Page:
Pulmonary Artery Denervation Found To Improve Idiopathic PAH Patients’ Outcomes

Pulmonary Artery Denervation Found To Improve Idiopathic PAH Patients’ Outcomes

shutterstock_228591280In a new study entitled “Pulmonary Artery Denervation to Treat Pulmonary Arterial Hypertension” authors present the benefits of pulmonary artery (PA) denervation procedure to treat patients with idiopathic PA hypertension (IPAH). The study was published in the Journal of the American College of Cardiology.

Idiopathic pulmonary arterial hypertension (IPAH) is characterized by increased blood pressure in lung arteries (mainly in the mean pulmonary artery pressure, PAP) due to their abnormal constriction (denoted by increased pulmonary vascular resistance, PVR). Recently, it was suggested that remodeling in the vascular wall increases PVR.

In this study, the authors determined whether denervation of the pulmonary artery (by introducing a catheter) would address the increase in pulmonary artery pressure (PAP) in patients with IPAH who failed to respond to current pulmonary artery hypertension medications. The technique employed – Pulmonary artery denervation (PADN) — works by reducing sympathetic stimulation of the pulmonary vasculature, i.e., a catheter equipped with radiofrequency or ultrasound properties is introduced in the artery to ablate the nerves in the vessel wall responsible for the blood pressure increase.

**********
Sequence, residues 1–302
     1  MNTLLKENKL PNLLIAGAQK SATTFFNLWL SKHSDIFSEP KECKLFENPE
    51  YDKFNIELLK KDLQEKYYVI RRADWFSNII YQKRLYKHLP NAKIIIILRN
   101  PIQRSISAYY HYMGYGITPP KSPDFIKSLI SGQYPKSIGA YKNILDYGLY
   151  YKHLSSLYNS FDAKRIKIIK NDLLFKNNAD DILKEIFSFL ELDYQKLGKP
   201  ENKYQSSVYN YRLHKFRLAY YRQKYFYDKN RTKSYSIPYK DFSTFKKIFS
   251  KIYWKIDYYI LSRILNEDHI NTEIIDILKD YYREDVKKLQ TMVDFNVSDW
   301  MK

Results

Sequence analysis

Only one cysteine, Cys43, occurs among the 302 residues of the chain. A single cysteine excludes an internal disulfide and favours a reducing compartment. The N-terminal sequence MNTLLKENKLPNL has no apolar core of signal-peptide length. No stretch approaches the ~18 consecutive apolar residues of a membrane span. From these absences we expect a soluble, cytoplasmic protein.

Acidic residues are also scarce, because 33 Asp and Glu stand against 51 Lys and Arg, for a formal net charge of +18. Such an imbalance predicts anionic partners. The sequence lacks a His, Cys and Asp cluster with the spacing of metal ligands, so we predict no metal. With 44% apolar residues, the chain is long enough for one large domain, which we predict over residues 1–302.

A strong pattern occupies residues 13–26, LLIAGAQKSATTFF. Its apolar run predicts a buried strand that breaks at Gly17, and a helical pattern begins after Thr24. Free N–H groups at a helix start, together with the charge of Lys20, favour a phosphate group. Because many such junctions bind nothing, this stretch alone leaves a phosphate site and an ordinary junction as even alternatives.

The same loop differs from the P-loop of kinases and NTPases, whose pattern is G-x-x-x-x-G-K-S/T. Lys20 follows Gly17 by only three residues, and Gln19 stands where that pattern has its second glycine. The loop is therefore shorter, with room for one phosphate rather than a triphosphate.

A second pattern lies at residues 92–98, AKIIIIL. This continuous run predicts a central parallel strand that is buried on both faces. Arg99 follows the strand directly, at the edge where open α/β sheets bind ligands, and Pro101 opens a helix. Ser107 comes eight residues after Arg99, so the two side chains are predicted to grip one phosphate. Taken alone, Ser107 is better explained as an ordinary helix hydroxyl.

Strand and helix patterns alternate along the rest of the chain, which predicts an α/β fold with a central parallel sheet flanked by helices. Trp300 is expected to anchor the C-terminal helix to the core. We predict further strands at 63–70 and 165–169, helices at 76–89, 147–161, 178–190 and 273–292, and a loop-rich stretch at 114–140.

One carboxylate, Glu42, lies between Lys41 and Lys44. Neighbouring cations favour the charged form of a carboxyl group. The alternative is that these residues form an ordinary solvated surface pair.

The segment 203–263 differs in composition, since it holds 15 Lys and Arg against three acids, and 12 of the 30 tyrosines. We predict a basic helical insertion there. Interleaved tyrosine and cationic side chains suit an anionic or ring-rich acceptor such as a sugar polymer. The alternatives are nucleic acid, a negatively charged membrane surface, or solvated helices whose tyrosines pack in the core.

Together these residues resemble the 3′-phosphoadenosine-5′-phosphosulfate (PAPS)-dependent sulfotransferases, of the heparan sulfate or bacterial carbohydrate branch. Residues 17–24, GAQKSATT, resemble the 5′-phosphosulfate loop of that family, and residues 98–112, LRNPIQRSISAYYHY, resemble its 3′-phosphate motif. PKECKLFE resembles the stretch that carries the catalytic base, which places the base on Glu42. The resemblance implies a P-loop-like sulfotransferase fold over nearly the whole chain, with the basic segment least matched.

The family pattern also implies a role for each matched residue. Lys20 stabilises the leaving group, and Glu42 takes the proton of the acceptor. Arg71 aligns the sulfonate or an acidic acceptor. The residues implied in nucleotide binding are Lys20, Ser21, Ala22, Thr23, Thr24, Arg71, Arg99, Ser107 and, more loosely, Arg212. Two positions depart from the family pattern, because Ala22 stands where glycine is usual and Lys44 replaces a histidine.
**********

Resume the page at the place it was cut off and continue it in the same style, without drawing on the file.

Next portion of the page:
While the technique was already successful in treating other hypertension disorders, this is the first time it is applied to pulmonary arterial hypertension.

The authors studied 21 patients (all unresponsive to pulmonary artery hypertension therapy): 13 patients were submitted to pulmonary artery denervation surgery, while 8 patients (who refused the surgery) were considered controls. Patients were diagnosed with idiopathic PAH, but also left heart disease, chronic thromboembolic pulmonary hypertension and connective tissue disease.

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As primary endpoints, the team determined patients’ alterations in pulmonary artery pressure (PAP), tricuspid excursion (Tei) index, and a 6-min walk test (6MWT) performance 3 months after the procedure. They found that patients who underwent PADN procedure exhibited a significant decrease in pulmonary artery pressure (PAP), accompanied by a marked increase in their 6MWT and Tei index (the former tests exercise tolerance while the latter assess right ventricular systolic function).

The authors’ highlight their study shows for the first time the impact of PADN procedure in improving IPAH patients’ functional and hemodynamic capacities.

Shao-Liang Chen, MD, of Nanjing First Hospital (Nanjing, China) and study first author noted in a press release, “Further randomized clinical [studies are] required to show the real benefit of pulmonary artery denervation in reducing mortality in patients with idiopathic [PAH], secondary pulmonary arterial hypertension, and also secondary pulmonary hypertension from left heart disease.”

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